US police searched the home of the parents of Colorado's "balloon boy" yesteday after the sheriff said he was pursuing criminal charges. The world thought Falcon Heene, 6, was zooming through the sky in a flying saucer-like helium balloon launched from his father's back garden in Fort Collins, Colorado.
But Falcon was in fact hiding in the rafters of his parents' garage while Thursday's frantic search for him was shown live on TV.
The Sheriff said they were looking for computers, emails, phone records and financial records.
The boy's parents, Richard and Mayumi Heene, were talking to sheriff's officials for much of Saturday night after speculation mounted that the incident was a massive publicity stunt orchestrated by storm chaser and would-be reality TV star Mr Heene.
Larimer County Sheriff Jim Alderden did not say who would be charged or what the charges would be, but he said the parents spoke to investigators voluntarily and were not under arrest.
Sheriff Alderden previously said that if the balloon ordeal was a hoax, the parents could be charged with making a false report to authorities, a low-level misdemeanour.
"We were looking at Class 3 misdemeanour, which hardly seems serious enough given the circumstances," Sheriff Alderden said yesterday.
"We are talking to the district attorney, federal officials, to see if perhaps there aren't additional federal charges that are appropriate in this circumstance."
The Heenes were expected to speak to reporters outside their home yesterday, after a strange day that began with Richard Heene knocking on the windows of journalists camped outside his home and promising a "big announcement".
A few hours later, he did an about-face when he told reporters that they should leave questions in a cardboard box on the front doorstep.
Falcon: We did it for the show
As he walked away, a reporter shouted: "Can you tell us once and for all if this is a hoax?"
"Absolutely no hoax. I want your questions in the box," Mr Heene said, waving a cardboard container before going back into his home.
A circus-like atmosphere formed outside, including men holding signs and occasionally yelling "Balloon boy". One sign read, "Put balloon boy on TV: America's Most Wanted".
Others carried foil stove-top popcorn makers that resembled the silvery balloon launched from the family's back garden, with Falcon believed to be on board.
While their parents were at the sheriff's office, the couple's three sons remained home, apparently being watched by sheriff's officials.
Sheriff Alderden had said that he wanted to reinterview the family after Falcon told CNN that "you said we did this for a show", when asked why he did not come out of his hiding place.
Father: I'm appalled
Then Falcon was sick during two separate TV interviews when asked why he hid.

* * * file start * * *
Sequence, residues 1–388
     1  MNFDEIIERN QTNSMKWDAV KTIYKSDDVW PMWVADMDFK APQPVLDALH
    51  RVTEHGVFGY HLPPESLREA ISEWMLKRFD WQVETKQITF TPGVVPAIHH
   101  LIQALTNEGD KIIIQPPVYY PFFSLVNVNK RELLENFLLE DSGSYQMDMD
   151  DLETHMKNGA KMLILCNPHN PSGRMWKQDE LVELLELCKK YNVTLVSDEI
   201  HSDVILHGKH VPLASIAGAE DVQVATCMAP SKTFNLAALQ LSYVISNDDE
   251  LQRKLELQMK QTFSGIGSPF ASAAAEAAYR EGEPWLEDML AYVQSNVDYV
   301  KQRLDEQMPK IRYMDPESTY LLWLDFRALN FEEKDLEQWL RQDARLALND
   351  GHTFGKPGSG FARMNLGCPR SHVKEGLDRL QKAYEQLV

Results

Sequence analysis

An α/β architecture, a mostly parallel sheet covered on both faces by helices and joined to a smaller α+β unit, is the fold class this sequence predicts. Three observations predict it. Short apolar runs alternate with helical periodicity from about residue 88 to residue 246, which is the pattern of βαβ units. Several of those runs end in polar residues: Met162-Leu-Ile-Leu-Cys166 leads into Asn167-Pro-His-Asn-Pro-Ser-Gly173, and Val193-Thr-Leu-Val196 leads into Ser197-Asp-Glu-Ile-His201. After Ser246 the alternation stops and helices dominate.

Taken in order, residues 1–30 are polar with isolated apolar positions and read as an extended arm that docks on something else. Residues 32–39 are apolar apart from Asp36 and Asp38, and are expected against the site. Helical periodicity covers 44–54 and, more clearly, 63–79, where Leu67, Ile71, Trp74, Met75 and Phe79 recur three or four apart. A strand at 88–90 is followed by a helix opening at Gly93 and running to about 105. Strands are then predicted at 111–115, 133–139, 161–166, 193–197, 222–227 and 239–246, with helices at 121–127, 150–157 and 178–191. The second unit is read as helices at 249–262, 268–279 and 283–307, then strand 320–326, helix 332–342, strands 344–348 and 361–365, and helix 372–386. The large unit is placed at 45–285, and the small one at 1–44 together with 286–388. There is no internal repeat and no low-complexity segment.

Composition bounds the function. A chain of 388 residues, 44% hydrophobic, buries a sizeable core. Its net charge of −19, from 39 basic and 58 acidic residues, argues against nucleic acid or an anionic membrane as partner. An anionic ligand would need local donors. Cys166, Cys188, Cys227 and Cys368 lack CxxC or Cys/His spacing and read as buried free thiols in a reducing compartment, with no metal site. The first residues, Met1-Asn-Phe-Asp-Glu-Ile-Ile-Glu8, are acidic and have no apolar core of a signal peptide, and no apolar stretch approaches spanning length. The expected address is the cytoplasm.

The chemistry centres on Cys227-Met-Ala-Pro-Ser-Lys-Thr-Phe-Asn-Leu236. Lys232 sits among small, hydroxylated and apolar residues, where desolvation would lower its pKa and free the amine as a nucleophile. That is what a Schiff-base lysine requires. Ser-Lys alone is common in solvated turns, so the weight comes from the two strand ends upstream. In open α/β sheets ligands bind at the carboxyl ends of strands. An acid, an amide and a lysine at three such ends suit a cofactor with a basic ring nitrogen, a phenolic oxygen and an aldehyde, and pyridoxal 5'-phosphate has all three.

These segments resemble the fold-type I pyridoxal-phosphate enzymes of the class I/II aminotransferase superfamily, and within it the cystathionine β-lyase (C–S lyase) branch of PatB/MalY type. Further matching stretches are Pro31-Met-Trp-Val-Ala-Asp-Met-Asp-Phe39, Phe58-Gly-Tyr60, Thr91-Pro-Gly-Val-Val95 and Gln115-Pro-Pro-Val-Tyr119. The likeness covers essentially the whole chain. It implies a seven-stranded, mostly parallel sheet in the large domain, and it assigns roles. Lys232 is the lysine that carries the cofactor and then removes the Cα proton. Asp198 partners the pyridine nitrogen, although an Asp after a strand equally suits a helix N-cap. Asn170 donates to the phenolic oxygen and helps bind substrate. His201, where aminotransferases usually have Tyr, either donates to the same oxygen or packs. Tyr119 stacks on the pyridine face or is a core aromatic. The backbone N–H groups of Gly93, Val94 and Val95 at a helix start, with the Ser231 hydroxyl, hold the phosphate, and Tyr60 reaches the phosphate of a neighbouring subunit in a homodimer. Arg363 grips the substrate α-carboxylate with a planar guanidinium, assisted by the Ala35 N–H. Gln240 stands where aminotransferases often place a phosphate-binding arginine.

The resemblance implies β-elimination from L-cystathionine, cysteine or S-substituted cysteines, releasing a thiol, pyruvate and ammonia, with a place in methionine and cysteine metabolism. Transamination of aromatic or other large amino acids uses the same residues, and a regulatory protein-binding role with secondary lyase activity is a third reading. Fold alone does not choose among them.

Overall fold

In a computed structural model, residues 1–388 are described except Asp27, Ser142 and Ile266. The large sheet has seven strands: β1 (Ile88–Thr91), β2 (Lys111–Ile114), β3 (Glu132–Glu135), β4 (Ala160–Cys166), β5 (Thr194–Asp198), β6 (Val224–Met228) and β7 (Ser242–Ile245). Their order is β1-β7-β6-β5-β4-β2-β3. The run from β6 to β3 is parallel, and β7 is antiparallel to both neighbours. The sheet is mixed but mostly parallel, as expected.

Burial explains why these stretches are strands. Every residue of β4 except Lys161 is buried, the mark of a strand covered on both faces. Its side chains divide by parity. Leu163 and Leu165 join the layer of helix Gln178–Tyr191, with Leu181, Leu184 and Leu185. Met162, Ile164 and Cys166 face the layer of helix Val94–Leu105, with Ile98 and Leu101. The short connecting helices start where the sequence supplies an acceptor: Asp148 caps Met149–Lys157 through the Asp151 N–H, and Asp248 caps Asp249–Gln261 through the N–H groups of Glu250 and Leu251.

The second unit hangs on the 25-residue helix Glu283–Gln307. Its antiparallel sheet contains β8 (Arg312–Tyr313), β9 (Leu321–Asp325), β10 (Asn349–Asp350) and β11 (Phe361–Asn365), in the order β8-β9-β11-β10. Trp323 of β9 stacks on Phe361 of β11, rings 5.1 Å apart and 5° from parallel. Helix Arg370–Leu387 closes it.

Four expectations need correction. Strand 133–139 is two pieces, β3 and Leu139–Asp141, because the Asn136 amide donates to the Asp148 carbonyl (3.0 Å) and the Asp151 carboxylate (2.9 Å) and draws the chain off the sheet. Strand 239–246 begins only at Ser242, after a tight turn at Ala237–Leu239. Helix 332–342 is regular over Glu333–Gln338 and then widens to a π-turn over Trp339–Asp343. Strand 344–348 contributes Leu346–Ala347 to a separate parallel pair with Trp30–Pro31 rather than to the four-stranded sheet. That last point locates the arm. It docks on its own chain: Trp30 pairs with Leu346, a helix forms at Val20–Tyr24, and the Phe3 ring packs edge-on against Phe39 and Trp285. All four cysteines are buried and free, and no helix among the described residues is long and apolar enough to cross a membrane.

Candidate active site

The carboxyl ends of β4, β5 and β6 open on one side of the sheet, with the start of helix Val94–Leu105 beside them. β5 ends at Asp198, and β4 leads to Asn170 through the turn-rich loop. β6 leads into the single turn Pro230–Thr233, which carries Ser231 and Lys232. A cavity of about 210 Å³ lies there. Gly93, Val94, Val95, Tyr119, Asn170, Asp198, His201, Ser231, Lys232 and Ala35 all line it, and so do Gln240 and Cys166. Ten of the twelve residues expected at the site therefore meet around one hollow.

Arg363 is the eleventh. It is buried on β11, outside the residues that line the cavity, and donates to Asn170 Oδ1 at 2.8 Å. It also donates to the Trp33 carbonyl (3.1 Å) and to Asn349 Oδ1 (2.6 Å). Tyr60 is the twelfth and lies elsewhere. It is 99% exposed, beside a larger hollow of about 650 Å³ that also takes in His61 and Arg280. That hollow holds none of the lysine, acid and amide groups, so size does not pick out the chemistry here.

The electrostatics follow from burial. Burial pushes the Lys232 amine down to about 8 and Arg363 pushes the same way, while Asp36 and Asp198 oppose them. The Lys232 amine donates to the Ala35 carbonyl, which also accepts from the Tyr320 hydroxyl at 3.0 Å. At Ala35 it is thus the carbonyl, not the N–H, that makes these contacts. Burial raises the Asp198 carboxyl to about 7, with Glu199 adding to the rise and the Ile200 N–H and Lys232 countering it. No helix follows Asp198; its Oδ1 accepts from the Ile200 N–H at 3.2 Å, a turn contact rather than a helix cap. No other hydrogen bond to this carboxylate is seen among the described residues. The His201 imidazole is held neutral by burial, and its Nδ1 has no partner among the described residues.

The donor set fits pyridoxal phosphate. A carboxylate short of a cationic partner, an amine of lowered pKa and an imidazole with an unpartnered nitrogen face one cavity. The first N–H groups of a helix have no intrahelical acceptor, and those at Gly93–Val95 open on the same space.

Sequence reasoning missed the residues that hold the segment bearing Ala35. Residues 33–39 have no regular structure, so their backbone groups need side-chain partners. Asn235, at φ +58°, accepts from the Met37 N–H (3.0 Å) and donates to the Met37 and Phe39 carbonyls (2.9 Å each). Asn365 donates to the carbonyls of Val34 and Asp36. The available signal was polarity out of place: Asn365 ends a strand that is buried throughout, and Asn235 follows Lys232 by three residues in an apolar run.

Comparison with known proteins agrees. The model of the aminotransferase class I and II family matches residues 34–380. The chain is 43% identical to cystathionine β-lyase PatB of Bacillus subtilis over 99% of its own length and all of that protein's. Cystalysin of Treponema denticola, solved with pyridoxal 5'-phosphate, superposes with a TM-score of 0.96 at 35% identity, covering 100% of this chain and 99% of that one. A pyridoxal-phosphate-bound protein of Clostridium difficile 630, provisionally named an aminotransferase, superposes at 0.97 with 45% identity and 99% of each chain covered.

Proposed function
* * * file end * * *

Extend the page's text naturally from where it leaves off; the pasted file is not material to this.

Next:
The balloon was supposed to be tethered to the ground when it lifted off, and no one was supposed to be aboard. A video of the launch shows the family counting down in unison, "3, 2, 1", before Richard Heene pulls a cord, setting the balloon into the air.
"Whoa!" one of the boys exclaims. Then his father says in disbelief: "Oh, my God!" He then says to someone: "You didn't put the (expletive) tether down!" and he kicks the wood frame that had held the balloon.
Falcon's brother said he saw him inside the compartment before it took off and that was why they thought he was in there when it launched. Mr Heene said he had shouted at Falcon before the launch for getting inside.
Sheriff Alderden said earlier that he thought Falcon ran off because he was scared of getting in trouble, later falling asleep in his hiding place.
He said he doubted that such a hyperactive boy could be ordered to stay quiet for the five hours he was missing.
"Clearly we were manipulated by the family and the media was manipulated," the Sheriff said. Questions might be raised whether any media outlets knew in advance of the hoax, he added.
In addition to the charges the Sheriff anticipated expected to file, he would be meeting with the Federal Bureau of Investigation and with federal aviation officials to see whether any further federal charges might be considered in the case, he said. All charges are likely to be filed against both parents.
Mr Heene and his wife were questioned separately by police on Saturday. Alderden said that plans were also made after the incident to conduct a polygraph test on the boy's father. He could not say if the test had happened or what the results were.
Alderden also said authorities are concerned about the safety of the three children. Authorities spoke with Mayumi Heene "at length about domestic violence" and the children's safety, Alderden said. "But we didn't have enough that would allow us or Child Protection Services to physically take the kids from that environment."
A 911 call was made from the home earlier this year that led authorities to a "suspicious circumstance" that Alderden said may have involved "domestic violence, perhaps against the wife."
Over the years, Richard Heene has worked as a storm chaser, a handyman and contractor, and an aspiring reality TV star.
He and his family appeared on the US version of Wife Swap and the show's producer said it had a show in development with the Heenes but the deal was now off.
TLC also said Mr Heene had pitched a reality show to the network months ago, but it passed on the offer.
Mr Heene is the host of a show called The Psyience Detectives which invesigates paranormal activity.
Mr and Mrs Heene also starred in Box Time Playhouse and are briefly mentioned in the book 'Acting is Everything' by Judy Kerr.
Despite his attempts to get on TV, Mr Heene insisted yesterday that he did not know what kinds of questions were being asked about him because he did not have cable TV.